To Emphasis On How To Stop Them
The dominating national and local story in recent days (so far as Omaha is concerned) has been, of course, the murder of a beloved assistant high school principal at Millard South in Omaha and in the shooting spree in Tucson, Arizona which killed six people and left a Congresswoman with a bullet wound in her brain.
Mentioned in passing but given entirely too little emphasis, in my opinion, was the ease with which two mentally unbalanced teenagers obtained the murder weapons.
In the Arizona case, a teenager who, we are now told in various news stories, was a mental case, simply went to a gun dealer and left with a legally-purchased semi-automatic pistol.
In Omaha, the teenager obtained the murder weapon because of carelessness of his policeman father, who simply left his handgun in a closet instead of in the gun safe which the Police Department had provided him.
Mike Kelly Points Out Parallel To Von Maur Killings
The Omaha case quickly brought to mind—to some minds, that is—the gun-easily-available parallel to the 2007 Von Maur tragedy, in which eight people died from wounds inflicted by a 19-year-old who had access to a weapon which should have been under lock and key. This Von Maur/Millard South linkage got its first significant news media attention four days after the shooting in a Michael Kelly column last Sunday.
It seems to me that along with the understandable expressions of compassion and community support for Millard South should have come a prompt, clear call for steps to prevent such tragedies by whatever legal means are necessary to keep teenagers from unsupervised access to potential murder weapons.
One possibility, raised by State Senator Brad Ashford, is to make the owner of the gun criminally responsible, guilty of a felony, if a non-owner of the gun used it to either kill himself or others. Ashford’s proposal appeared on an inside page in the final three paragraphs of a story emphasizing Millard South’s effort to “get back to business as usual.”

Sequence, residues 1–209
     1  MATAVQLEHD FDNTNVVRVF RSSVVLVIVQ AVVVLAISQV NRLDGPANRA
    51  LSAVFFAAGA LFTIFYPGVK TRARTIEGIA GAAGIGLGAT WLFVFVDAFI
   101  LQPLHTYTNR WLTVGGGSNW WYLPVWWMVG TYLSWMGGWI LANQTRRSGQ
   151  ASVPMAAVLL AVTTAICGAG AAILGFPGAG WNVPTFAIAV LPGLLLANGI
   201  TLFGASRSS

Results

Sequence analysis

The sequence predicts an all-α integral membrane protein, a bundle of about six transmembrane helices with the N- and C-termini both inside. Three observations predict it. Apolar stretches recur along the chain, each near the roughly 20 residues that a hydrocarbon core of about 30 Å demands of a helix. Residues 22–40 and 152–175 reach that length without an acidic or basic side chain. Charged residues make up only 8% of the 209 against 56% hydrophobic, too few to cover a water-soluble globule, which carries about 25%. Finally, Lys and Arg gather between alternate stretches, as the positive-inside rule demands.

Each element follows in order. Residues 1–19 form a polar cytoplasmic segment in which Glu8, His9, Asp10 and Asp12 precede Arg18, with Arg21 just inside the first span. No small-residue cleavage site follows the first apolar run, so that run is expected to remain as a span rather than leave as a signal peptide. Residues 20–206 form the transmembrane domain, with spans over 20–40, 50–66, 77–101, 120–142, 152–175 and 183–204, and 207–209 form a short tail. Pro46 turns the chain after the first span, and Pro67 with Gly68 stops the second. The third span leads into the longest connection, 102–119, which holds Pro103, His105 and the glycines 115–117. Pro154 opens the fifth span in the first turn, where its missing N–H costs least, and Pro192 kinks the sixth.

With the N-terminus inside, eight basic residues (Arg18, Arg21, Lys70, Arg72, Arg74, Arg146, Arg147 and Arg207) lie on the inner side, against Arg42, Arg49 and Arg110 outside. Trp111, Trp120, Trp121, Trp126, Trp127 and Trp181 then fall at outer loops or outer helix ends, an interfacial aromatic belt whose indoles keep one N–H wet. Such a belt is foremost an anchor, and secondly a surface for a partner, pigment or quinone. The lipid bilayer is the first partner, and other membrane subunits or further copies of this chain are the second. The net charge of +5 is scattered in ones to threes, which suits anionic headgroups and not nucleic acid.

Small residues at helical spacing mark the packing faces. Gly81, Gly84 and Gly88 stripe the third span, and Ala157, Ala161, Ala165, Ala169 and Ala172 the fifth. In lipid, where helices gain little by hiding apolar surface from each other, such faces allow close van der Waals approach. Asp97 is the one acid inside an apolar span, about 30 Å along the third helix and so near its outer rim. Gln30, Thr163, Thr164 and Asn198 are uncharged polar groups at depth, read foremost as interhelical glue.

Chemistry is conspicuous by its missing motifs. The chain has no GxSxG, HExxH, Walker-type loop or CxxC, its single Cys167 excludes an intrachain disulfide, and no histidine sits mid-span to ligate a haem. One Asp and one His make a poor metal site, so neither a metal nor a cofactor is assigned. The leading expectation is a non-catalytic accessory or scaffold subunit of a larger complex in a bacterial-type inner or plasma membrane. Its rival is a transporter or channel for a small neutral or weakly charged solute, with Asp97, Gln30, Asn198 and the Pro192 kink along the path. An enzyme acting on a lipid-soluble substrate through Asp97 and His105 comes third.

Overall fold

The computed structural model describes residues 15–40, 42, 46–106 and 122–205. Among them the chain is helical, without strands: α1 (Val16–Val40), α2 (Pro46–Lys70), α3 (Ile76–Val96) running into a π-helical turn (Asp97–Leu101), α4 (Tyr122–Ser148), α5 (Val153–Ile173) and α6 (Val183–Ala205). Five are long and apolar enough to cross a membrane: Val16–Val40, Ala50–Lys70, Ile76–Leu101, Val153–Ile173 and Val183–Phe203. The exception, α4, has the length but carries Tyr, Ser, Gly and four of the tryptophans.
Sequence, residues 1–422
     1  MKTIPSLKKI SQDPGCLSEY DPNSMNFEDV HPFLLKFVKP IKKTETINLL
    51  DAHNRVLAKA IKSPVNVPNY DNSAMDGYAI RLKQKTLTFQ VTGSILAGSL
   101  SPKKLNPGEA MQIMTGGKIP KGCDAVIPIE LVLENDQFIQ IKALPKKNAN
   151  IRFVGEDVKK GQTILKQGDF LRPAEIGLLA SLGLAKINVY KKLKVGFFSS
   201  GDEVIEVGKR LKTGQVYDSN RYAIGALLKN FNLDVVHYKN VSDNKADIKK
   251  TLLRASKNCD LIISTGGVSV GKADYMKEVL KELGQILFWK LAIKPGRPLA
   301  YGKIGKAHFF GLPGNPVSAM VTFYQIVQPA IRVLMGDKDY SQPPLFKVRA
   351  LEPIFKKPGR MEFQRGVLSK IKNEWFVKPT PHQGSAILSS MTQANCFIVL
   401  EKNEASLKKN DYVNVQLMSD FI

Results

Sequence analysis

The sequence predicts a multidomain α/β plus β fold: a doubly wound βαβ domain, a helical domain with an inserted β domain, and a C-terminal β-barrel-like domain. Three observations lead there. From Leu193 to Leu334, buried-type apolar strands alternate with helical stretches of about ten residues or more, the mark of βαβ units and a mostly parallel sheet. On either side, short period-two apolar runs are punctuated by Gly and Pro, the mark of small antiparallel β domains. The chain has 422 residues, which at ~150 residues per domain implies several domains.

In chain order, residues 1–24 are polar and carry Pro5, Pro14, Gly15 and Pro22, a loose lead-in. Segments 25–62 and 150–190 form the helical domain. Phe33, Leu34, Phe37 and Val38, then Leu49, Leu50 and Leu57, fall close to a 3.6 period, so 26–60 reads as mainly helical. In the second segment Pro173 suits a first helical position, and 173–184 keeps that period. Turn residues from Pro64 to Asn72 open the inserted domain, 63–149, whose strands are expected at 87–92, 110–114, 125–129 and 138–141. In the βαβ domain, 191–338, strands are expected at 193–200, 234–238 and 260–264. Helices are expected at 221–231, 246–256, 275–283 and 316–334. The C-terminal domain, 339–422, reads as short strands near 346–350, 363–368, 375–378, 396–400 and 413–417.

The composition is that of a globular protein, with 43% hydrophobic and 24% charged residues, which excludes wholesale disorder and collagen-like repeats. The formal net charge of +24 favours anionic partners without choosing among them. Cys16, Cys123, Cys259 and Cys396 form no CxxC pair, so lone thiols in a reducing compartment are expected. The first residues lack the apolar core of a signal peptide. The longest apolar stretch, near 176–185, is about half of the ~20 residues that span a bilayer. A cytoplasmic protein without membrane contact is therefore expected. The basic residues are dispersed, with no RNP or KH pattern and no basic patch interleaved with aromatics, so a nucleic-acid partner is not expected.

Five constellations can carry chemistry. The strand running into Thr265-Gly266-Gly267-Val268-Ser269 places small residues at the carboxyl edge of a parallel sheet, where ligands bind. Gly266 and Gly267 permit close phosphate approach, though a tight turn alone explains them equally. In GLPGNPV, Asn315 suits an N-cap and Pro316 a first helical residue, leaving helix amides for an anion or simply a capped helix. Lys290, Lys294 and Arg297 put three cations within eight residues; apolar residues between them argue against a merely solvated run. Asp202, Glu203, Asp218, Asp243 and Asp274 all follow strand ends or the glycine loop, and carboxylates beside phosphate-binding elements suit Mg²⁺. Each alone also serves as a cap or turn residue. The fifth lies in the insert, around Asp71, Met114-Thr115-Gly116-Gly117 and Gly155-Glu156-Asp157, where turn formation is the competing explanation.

A week after the Millard South shooting, the emphasis was still on the tragedy, without any comparable emphasis on how to keep lethal weapons out of the hands of potential killers.
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Governor Could Have Wished For Wider Gap
Between Tough Talk And Four Inaugural Celebrations
Governor Dave Heineman, as I see it, might have wished for different timing rather than the back-to-back appearance of two news stories featuring him, color pictures and all, in two quite different roles last week.
First, in the Friday morning edition of The World-Herald, there was a Midlands Section story on the governor’s tough budget message to the Legislature during a brief inaugural address after taking his oath of office. The headline read: “Budget may be cut with cleaver.” The subhead read: “Governor says full programs must go.”
A color picture showed the governor at the rostrum in the legislative chamber delivering that tough-talking message.